Additionally, we plan to make the ambulatory CarePATH EHR available to Mercy's affiliated physicians using a subsidized model. Allowing our independent physicians access to this system is important because it improves our ability to share information and to coordinate patient care. However, we recognize that not all physicians, and certainly not all hospitals, use or will use Epic EHR. Accordingly, Mercy is working closely with Ohio's statewide health information exchange to test ways providers across the state can best share medical record data. As we move toward a payment system that rewards value-based, coordinated care across the care continuum, our ability to share and receive information from outside providers will become critical to our success.

We also hope to use HIT to increase patient engagement. We currently offer an online patient portal called MyChart which allows patients to access their medical records and lab results, request refills, send messages to nurses and physicians and make appointments. Patients can access the portal from any computer as well as most tablets and many smart phones. Some within the industry have voiced concern over allowing patients to see this type of information, but at the end of the day, the information belongs to the patients. Our goal has always been to improve access to clinical information, and the patient portal does just that. We have safeguards. For example, certain positive test results are not released to MyChart until the physician chooses to release the information (presumably after appropriate discussion with the patient).

Consider this scenario: How engaged would you be with an airline that could only be reached from 9 a.m.-5 p.m., is closed during lunch and doesn't have a website? Chances are you'd never consider buying a ticket from them. But this describes a great deal of medical practices today. The patient portal makes it easier for patients to interact with us and offers them the access they need to be engaged in their care. In a future that rewards physicians and health systems for keeping patients healthy, we must do everything possible to engage patients in their health.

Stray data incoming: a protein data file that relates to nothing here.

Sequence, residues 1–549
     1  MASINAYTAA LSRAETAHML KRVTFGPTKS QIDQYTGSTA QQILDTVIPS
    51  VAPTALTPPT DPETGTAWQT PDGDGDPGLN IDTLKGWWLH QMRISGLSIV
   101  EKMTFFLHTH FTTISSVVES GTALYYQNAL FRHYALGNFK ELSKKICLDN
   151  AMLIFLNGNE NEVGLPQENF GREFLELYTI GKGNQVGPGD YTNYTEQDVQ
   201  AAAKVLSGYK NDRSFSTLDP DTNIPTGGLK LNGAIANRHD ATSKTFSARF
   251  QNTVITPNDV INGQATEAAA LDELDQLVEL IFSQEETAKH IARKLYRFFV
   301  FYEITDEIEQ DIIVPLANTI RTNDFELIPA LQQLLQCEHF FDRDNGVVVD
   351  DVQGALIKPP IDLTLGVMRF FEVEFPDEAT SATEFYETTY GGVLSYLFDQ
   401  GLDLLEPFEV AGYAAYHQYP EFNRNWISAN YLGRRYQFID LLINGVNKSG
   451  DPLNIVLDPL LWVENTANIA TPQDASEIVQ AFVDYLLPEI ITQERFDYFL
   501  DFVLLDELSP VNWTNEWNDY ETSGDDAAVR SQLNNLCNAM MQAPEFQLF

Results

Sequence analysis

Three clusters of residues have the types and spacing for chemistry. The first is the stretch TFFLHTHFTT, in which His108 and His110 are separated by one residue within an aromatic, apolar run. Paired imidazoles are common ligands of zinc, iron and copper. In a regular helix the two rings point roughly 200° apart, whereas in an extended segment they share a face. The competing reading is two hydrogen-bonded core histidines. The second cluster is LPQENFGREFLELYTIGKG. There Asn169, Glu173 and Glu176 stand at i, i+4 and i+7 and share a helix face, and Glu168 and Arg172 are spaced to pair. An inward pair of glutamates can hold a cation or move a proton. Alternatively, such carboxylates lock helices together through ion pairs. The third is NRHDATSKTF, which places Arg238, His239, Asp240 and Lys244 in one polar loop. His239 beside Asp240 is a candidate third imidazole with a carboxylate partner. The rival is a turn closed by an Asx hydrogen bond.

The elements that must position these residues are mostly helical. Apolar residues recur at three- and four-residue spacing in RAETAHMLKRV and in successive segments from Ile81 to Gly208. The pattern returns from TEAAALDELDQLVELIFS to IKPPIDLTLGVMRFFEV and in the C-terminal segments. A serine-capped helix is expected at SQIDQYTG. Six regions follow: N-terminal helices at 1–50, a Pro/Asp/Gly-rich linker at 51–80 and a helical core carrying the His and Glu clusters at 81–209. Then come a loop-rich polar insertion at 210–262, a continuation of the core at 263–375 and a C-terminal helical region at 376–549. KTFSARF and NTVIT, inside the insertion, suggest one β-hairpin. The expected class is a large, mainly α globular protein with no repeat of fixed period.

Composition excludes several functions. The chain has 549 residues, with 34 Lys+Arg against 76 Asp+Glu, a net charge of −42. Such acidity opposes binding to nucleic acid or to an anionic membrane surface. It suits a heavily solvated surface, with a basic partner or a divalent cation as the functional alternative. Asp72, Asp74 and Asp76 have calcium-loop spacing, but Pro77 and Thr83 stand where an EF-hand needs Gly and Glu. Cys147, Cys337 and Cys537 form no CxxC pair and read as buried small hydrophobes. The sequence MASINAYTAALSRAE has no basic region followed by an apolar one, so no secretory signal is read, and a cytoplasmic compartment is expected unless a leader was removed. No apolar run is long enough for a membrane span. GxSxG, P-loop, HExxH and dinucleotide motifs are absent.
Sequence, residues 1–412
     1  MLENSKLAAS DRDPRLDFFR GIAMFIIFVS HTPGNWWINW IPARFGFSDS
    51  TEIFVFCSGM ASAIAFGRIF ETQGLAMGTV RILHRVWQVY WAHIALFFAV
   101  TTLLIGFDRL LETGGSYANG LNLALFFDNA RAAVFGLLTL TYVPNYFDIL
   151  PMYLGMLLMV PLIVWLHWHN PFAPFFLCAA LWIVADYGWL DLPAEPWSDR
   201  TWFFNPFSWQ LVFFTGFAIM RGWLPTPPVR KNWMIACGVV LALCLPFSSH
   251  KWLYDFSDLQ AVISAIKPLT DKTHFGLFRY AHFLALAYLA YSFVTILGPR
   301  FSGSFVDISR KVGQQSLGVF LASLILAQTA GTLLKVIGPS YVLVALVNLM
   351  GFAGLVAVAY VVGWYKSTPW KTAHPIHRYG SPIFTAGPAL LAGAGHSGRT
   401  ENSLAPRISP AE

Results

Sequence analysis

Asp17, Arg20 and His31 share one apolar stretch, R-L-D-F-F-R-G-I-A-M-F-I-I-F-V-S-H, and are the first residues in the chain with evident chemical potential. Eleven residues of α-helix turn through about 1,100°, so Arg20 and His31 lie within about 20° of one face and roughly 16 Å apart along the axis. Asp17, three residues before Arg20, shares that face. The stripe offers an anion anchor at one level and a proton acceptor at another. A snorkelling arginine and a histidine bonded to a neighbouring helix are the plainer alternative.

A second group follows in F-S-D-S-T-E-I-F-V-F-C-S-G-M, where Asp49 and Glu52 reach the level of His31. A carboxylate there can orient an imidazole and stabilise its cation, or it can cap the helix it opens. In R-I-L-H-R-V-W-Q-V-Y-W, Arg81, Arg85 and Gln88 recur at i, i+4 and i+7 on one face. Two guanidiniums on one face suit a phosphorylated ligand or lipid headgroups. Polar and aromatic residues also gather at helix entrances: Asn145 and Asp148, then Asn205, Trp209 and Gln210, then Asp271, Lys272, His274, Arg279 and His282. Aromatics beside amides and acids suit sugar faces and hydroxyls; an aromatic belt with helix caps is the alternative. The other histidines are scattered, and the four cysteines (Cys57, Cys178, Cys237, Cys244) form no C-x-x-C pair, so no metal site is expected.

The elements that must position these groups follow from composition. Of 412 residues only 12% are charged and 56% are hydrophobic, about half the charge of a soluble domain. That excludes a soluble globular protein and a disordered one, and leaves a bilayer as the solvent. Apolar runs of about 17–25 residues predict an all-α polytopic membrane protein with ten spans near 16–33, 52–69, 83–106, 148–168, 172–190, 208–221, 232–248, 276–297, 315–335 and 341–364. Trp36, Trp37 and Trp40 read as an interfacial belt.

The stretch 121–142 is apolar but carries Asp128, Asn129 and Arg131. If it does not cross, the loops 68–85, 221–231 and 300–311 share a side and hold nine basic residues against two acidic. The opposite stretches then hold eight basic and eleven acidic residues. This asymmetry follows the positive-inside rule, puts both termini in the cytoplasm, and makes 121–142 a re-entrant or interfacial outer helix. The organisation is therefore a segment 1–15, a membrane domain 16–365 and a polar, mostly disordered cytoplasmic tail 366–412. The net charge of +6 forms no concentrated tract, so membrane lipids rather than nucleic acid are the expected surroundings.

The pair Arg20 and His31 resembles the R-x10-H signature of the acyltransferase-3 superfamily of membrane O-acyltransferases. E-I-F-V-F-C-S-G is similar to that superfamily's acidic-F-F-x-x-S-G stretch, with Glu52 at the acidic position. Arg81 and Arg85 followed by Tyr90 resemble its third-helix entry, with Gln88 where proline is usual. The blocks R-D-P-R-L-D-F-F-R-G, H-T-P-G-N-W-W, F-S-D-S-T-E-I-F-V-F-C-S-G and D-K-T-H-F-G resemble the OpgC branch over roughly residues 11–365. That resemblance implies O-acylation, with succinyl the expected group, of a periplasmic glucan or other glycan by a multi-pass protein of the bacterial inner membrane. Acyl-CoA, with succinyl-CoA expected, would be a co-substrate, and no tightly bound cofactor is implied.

Population health
CMS and the Institute for Healthcare Improvement share a vision of improving healthcare and improving the health of populations while decreasing the cost of healthcare (or at least bending the cost curve). To start, we hope an integrated outpatient and inpatient EHR combined with an health information exchange strategy will improve care coordination, enhance patient service, aid our affiliated and employed physicians while reducing duplicate testing and overall health care costs. Well-built order sets that incorporate evidence-based clinical practices and take into account cost issues (for example, generic drugs are the default option) also improve our position under value-based reimbursement by making the most appropriate clinical decision the path of least resistance for clinicians. We hope to be able to analyze data pulled from our EHRs to adjust clinical pathways and order sets as appropriate. Finally, for Mercy, and other health systems, the CMS and IHI vision challenges us to focus on population and community health. Not only do we plan to use the data gleaned from our medical record systems to help us make better clinical decisions, but we also plan to monitor the health status of the populations and communities we serve.

Looking ahead
Mercy is committed to implementing an HIT system that will help us integrate with other providers, engage patients and improve the overall health of the populations we care for. While it will take us time to get there, we feel we're progressing well. For other health systems interested in what we've learned thus far, I'd say nothing is more important than physician engagement and physician leadership and continuous communication about how HIT will allow physicians and other clinicians to perform the functions that will be required of them in the future. HIT implementation needs to be a clinical project.

Of course, HIT alone isn't going to get us to where we need to be, but it is a major component of the capabilities required to reach the larger goals of reform. The question should never be, "Which HIT product  should we implement next?" Instead, the question must be "How can these tools be used to reach clinical integration, support payment reform, engage patients and manage populations?"

Kenneth Bertka, MD, is a family physician and vice president of physician clinical integration at Mercy, a seven hospital and physician group system based in Toledo, Ohio.  Mercy is a member of Catholic Health Partners, the largest healthcare system in Ohio.

More Articles Featuring Dr. Bertka:

Patient Engagement's Critical Role in Post-Reform Success: 6 Steps to Improve Patient Centeredness